Honeygiver Among the Dogs

Honeygiver Among the Dogs (2016)

Written and directed by Dechen Roder.

This award winning film from Bhutan meanders between gorgeous rural landscapes and the relative bustle of town life. Its languid pace lulled me and drew me into its web of desire, corruption and ultimately, a strong environmental message. It is the story of a policeman, sent to a remote rural community to investigate the disappearance and possible murder of an abbess. He is warned about the local demoness, the key suspect in the case, who is young, very beautiful and (to my western eyes at least) evolves into a kind of spiritual femme fatale figure against the anti-hero detective when the action moves to town.

While it certainly falls into the Asian ‘slow cinema’ category, stylistically I felt Roder clearly had her eye on festival audiences, trying to bridge the gap between eastern and western cinema. This is particularly evident in the noir/city half of the film where the detective story takes over. It’s an inventive way to incorporate the exoticism of dakini stories from Buddhism into noir crime fiction and although the transitions are sometimes a little forced, for the most part, it pays off.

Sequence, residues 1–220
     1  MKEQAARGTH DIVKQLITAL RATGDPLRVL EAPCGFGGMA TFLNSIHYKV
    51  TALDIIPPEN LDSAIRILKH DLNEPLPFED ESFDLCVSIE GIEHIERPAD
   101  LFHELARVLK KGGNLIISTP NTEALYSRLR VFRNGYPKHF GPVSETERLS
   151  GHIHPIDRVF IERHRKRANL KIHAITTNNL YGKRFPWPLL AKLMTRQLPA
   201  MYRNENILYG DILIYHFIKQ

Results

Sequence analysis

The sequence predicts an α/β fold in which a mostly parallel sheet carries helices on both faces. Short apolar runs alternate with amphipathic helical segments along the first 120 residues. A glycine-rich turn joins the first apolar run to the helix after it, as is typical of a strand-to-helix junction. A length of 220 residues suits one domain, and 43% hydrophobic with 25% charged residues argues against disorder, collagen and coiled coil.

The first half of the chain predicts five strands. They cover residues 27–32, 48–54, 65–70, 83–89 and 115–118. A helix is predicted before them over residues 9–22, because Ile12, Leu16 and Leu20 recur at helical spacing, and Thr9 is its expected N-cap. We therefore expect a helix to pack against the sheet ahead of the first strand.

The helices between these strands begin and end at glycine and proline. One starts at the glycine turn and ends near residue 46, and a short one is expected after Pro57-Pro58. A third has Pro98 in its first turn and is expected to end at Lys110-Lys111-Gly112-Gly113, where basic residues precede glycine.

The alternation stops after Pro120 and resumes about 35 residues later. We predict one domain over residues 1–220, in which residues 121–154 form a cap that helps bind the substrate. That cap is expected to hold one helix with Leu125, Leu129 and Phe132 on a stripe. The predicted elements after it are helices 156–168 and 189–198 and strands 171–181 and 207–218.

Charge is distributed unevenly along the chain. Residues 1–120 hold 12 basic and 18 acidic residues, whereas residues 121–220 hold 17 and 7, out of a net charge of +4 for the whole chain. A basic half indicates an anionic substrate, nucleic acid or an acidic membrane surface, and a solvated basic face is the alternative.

Personally, I preferred the rural scenes, where the landscape is a character and the power of Choden brings a dreamlike, magic realism quality to the screen. These sections are sublime in their beauty, with exceptional cinematography by Jigme T. Tenzing and enhanced by a wonderful soundtrack by Tashi Dorji.

It has its flaws but for a debut feature from Roder (who previously worked in advertising and music videos) it’s a pretty solid way to start. I’m keen to see what she comes up with next!

Leave a Reply

Fill in your details below or click an icon to log in:

WordPress.com Logo

You are commenting using your WordPress.com account. Log Out /  Change )

Google photo

You are commenting using your Google account. Log Out /  Change )

Twitter picture

You are commenting using your Twitter account. Log Out /  Change )

Facebook photo

You are commenting using your Facebook account. Log Out /  Change )

Connecting to %s

This site uses Akismet to reduce spam. Learn how your comment data is processed.

%d bloggers like this: